We follow up the awesomeness of Part III with the semi-crap of Part IV.
We’re back with Kristen, who seems to be leading a normal, teenage life along with Kincaid and Joey, and Kristen has a new group of friends, even – the shy Alice, Alice’s brother Rick who is also Kristen’s boyfriend, smarty pants Sheila, and exercise obsessed Debbie.
(Kristen in this one is played by some other chick, and not Patricia Arquette like in Part III.)
Everything’s fun and games until Kristen feels that Freddy’s coming back, which doesn’t sit well with Kincaid and Joey, who tell her to leave it alone and that Freddy’s dead. Joey (who can now speak) tells her that if she keeps thinking about Krueger all the time, she might actually stir him up, and so they advise her to drop it.
Now, we all know what happens to people who doubt Freddy returning in this franchise, so…sayonara, Joey and Kincaid. It was nice knowing you (especially Joey, who I thought was adorable when I was a kid).
Freddy gives Kincaid the Nancy’s Dad treatment, and Joey gets lured into paying attention to a beautiful girl swimming in his waterbed who then disappears, allowing Freddy to drown Joey in his own waterbed. You’d think the idiot would’ve learned by now not to trust pretty women in his dreams. Jesus.
Meanwhile, we focus a bit on Alice, who is sweet, shy and seems to have a well-meaning weirdo for a brother.
Now, if any of you just thought, “Sweep the leg,” then you get picked first to be on my kickball team. Yeah, Rick’s big into martial arts. Anyways, Kristen tells Alice about these freaky dreams she’s having. And when Kincaid and Joey don’t show up for school, Kristen, Alice, Dan – Alice’s crush, and Rick take a little sidetrip to 1428 Elm Street.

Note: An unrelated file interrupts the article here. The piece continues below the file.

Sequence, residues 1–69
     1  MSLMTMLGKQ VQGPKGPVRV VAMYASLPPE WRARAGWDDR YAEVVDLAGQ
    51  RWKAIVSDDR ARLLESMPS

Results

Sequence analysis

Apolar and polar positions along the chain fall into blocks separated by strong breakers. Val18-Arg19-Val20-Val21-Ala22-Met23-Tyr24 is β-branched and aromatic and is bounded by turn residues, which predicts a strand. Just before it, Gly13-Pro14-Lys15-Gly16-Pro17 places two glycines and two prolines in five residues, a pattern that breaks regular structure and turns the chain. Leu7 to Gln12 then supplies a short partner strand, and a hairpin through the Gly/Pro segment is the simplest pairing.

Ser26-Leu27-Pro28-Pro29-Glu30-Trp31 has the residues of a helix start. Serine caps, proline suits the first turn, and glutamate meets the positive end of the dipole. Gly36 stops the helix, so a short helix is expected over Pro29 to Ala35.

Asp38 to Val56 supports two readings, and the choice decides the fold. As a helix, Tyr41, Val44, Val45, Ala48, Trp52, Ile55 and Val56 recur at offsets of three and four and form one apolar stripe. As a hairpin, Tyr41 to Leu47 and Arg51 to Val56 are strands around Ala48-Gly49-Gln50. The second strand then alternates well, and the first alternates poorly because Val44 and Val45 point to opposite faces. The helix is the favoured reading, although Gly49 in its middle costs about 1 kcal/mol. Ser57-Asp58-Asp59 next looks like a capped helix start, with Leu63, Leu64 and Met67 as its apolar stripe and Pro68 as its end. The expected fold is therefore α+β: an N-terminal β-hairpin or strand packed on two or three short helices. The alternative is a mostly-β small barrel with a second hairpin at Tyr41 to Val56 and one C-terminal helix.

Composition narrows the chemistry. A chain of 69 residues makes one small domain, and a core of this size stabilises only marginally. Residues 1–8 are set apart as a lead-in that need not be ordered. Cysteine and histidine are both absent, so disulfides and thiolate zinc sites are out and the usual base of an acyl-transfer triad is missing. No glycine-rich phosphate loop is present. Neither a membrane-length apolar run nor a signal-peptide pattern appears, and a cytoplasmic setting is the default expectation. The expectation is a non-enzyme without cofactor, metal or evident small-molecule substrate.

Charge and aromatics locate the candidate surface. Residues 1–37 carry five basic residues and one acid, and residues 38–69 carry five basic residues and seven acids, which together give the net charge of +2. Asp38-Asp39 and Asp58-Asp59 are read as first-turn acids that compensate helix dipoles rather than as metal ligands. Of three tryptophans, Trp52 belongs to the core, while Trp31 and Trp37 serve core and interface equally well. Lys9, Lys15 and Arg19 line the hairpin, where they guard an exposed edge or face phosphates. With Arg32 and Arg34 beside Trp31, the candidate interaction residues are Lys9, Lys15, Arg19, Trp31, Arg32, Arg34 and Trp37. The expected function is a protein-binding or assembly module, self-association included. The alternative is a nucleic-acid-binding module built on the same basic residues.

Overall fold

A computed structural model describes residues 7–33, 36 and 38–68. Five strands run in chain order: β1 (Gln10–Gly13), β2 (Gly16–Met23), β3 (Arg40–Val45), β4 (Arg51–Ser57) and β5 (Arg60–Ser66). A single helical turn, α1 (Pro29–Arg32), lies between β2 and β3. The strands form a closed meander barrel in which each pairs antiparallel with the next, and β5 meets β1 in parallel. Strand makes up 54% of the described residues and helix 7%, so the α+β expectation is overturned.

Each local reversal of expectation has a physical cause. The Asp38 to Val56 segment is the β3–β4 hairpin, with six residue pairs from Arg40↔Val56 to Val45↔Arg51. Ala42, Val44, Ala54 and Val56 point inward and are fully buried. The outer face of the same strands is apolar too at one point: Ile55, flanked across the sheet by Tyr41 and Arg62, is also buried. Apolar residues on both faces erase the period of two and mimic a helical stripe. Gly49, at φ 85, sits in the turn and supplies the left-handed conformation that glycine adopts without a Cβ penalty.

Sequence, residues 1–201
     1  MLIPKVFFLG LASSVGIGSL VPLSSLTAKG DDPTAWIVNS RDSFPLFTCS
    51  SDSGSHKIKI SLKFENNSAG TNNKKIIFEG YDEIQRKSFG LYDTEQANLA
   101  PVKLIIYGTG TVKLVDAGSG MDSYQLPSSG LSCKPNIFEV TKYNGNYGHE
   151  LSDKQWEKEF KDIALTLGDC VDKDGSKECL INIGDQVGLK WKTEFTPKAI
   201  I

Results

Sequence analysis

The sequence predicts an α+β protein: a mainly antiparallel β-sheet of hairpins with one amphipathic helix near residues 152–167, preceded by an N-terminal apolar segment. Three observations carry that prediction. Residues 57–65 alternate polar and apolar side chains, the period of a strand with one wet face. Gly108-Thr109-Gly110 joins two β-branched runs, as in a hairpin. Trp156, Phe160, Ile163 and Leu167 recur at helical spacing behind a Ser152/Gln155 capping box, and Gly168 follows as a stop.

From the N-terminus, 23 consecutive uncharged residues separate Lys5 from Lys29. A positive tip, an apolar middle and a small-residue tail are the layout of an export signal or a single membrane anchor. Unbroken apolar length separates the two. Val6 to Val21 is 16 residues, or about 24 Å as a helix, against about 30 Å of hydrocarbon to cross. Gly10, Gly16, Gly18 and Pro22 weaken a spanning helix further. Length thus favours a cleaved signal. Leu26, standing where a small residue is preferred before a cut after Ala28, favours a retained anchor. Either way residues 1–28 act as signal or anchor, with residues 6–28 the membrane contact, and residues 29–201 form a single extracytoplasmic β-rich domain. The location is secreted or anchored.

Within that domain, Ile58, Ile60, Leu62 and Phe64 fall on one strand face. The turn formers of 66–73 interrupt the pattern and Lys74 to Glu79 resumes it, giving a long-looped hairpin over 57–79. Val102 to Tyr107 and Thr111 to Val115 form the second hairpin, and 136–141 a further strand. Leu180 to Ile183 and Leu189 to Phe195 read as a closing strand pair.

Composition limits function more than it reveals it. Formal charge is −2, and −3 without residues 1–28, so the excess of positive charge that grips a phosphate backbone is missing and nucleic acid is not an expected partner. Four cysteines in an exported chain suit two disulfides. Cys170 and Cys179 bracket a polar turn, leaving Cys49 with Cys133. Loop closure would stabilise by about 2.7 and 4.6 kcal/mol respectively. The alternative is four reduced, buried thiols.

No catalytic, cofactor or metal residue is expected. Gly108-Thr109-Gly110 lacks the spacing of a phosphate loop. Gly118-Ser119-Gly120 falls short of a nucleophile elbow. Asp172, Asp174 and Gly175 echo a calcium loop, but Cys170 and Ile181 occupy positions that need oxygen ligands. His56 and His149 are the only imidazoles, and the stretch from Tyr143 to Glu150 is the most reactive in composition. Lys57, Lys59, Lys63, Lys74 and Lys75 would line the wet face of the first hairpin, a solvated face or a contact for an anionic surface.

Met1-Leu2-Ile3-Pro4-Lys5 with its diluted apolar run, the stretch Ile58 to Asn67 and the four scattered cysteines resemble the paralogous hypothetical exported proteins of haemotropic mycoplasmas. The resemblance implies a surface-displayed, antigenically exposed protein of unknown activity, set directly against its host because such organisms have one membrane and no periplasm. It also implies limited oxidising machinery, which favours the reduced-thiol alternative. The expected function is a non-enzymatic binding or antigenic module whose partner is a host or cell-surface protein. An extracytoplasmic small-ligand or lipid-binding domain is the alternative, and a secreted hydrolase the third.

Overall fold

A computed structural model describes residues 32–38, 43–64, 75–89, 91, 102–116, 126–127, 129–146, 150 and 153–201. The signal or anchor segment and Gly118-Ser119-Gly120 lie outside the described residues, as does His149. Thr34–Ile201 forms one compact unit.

By now the house is falling down and the other members of the group don’t believe Kristen’s story, but when Kristen gets home, she has a fight with her mother at dinner and then discovers Mom’s drugged her dinner which is totally cool, except not. Kristen’s mom surely hasn’t learned much from the third movie, where she basically tried to throw money at Westin Hills to “fix” Kristen and seemed to prefer not having her around.
So Kristen stumbles upstairs and falls into a…pleasant dream?
Oh, yeah, not so much, because Freddy shows up to chase her. And chase her he does, straight into a boiler room, where he tells her that she’s the very last Elm Street kid, and that believe it or not, Freddy doesn’t want to stop carving up kids any time soon, so he needs her to bring someone into the dream to continue on with his murderous ways. Finally, out of desperation, Kristen screams for Alice, who shows up in Kristen’s dream, horrified, and Freddy tosses Kristen into a boiling lake of fire.
Kristen’s last goodbye to Alice is pretty much, “Dude, I screwed you over hardcore. Sorry ’bout that, but here’s my powers, hopefully that’ll square us up.” If I were Alice? I’d be pissed.
Poor Alice. She wakes up, grabs Rick the Kung Fu Artiste, and heads over to Kristen’s place, where she’s roasting in her room.
Alice begins to notice a change in her personality; she begins to smoke, even though she didn’t – but Kristen didI! And then she accidentally sucks poor, nerdy Sheila into a dream.
He sucks the life out of Sheila, which is…definitely not the way I want to go out, really. Eeek.
By now, Alice is totally freaked. She blames Sheila’s death on herself and pretty much everyone thinks she’s totally, one hundred percent lost it.
But that’s okay, because Freddy’s about to strike again – except this time, Rick and Freddy are gonna get it on in the dojo, man.
Rick fights an invisible Freddy (lame) who just eventually powers up his glove, which rams into Rick’s chest. Which is sad, considering that Rick’s been uber-supportive of both Kristen and Alice, who deeply he thinks are both nutjobs now, but still sticks by ’em. Poor Rick. That’s okay, because at his funeral, he pops out of his casket and ribs Alice a little, before settling down for his eternal rest (no, really).